It also taught me the power of a handwritten note. The power of letting people know how you feel like, “Don’t wait.” Throughout my entire career, I was known as someone who wrote a lot of notes and a lot of letters because what was very apparent to me is that there are a lot of people who are not blessed with having a wonderful family as I had. My parents are still living. They’re in their 80s. They’re vibrant. They’re still big cheerleaders. If they could put an email with feedback when I go to speak or somebody read my book, that’s on the refrigerator with a gold star and I’m 61 years old.
Not everybody had that joy. I also always looked at my organization. I would look for those who maybe were sitting alone, walking alone, or falling out of a run in the morning. Why are they falling out? It isn’t because they’re not in shape. This is something that’s up here in the heart that’s causing them to feel defeated or whatever. I was never a yeller or a screamer. You would see sometimes leaders yelling and screaming at people to get back in formation. I never ran faster because someone yelled at me. Instead, even though as a leader, the expectations that the leaders upfront when you’re doing all the running, I started out up front and then I fall back to the wayside and I talked to people and I’d be like, “Can you believe they pay us to do this?”
I have to go back to the back and I’d run. I’d always look for the people that fell out because I want to know why and you found out so many interesting things about people and simple things like sending Christmas cards. I had a whole battalion deployed to Kosovo when I was stationed at Fort Drum. I could not be in Kosovo with them because it was one of my many units but I can reach out to them. I did a Christmas card to every soldier and then I put a red, white, and blue tacky candy in the envelope. I admit I had my driver and my secretary help me lick all those envelopes and get them all boxed up. I signed all of them and then get the candy put it in there.
I can’t remember how many. It was about 400. It’s not like I got 400 responses going, “Thank you, Ma’am.” I probably got four responses but one response is what counted. This young kid sent me a note and he said, “It’s the only Christmas card I received.” It makes you emotional because of how sad that is. On the other hand, you go, “I’m so glad I sent 400 even though only one was this powerful.” You don’t do it to get 400 thank yous. You do it because of your heart and your mind, which I believe that’s what leadership is. It’s the fusion of those two things. That one kid was worth 4,000 cards.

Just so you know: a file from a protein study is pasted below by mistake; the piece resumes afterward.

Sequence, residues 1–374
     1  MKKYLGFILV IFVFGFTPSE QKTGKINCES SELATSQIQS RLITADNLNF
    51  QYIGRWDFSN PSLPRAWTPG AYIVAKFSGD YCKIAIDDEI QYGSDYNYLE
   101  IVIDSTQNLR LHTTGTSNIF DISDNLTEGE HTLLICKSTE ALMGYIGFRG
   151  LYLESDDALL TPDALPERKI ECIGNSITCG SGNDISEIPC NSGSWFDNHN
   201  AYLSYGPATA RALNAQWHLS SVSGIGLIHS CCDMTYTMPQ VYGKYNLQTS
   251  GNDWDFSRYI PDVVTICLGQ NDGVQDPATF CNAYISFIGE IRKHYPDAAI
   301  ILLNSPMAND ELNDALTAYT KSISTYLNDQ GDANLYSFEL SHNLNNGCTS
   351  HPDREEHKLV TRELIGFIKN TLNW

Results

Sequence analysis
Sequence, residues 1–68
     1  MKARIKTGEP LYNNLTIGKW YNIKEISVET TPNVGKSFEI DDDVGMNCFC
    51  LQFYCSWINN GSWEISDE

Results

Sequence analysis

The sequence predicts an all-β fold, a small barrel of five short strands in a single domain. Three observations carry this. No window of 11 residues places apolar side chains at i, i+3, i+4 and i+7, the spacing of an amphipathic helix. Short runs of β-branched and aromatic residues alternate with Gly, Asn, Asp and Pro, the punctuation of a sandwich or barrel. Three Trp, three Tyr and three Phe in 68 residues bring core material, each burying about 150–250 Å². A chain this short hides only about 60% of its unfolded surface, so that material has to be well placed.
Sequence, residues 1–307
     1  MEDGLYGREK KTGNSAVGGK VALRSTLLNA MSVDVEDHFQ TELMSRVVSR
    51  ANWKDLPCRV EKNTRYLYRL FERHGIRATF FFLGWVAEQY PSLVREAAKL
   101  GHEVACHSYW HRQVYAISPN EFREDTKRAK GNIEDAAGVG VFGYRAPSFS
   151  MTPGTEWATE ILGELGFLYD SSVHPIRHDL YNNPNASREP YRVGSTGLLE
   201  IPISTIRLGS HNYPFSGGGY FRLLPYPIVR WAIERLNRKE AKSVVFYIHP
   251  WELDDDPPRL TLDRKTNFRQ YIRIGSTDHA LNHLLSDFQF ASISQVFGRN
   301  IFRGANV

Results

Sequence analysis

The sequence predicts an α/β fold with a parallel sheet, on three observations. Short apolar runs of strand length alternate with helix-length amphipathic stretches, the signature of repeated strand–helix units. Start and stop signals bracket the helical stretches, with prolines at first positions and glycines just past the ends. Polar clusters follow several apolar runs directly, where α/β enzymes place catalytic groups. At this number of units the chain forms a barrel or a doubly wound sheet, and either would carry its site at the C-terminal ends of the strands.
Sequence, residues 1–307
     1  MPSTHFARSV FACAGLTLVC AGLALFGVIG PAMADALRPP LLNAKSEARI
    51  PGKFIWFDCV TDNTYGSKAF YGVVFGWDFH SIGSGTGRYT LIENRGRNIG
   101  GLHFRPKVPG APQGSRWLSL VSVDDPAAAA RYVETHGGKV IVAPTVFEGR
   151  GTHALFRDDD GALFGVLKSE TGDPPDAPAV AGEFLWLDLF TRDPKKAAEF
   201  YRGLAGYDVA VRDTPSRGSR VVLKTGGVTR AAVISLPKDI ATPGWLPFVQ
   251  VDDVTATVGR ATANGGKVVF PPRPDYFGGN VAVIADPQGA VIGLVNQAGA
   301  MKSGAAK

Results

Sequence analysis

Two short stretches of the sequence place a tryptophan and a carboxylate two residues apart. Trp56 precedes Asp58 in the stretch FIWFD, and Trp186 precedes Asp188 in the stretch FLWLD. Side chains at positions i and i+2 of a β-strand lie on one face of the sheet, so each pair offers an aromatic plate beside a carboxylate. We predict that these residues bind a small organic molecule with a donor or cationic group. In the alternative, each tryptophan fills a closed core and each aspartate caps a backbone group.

It’s interesting when you tell that story. I think about behaviors and the research that I look at in terms of what are the behaviors that create leaders. One of the things that often comes up is around belongingness. The research that’s out there on belongingness is we’re wired for connection. To me, as leaders, it’s our responsibility to bring people inside the group and not make them feel isolated. When we do that, people want to do more. They’re inspired to do that and you’ll feel like you’ve made them feel part of what’s going on as opposed to you’re on the outside.
When I speak on leadership, I have one slide that I like to show. I’m on the border of Syria and I’m out there talking to some of my soldiers that were one of the bases but I’m also talking to the leaders who were responsible for the physical security of that base. The title is very simple. It says, Circulate, Communicate and Connect. That’s the whole purpose of the communication. I tease and I say I’m 5’1/2”. When soldiers stand in front of you, they stand in attention. They look straight out, which means they’re looking straight over my head. I said, “No, look down here, look me in the eye.” I would tell them that when I look you in the eye, I can see your soul. I can feel your soul and I want to connect. I can also tell, are you nervous? Are you confident? Are you scared? All those things. That is the whole purpose of communication is to connect.If we all pause for three seconds before talking, we'll be a lot happier with what we say. Click To Tweet
When you’re with your eyes, you’re listening with a different sense of reading. It’s an awareness of others that certainly you speak to.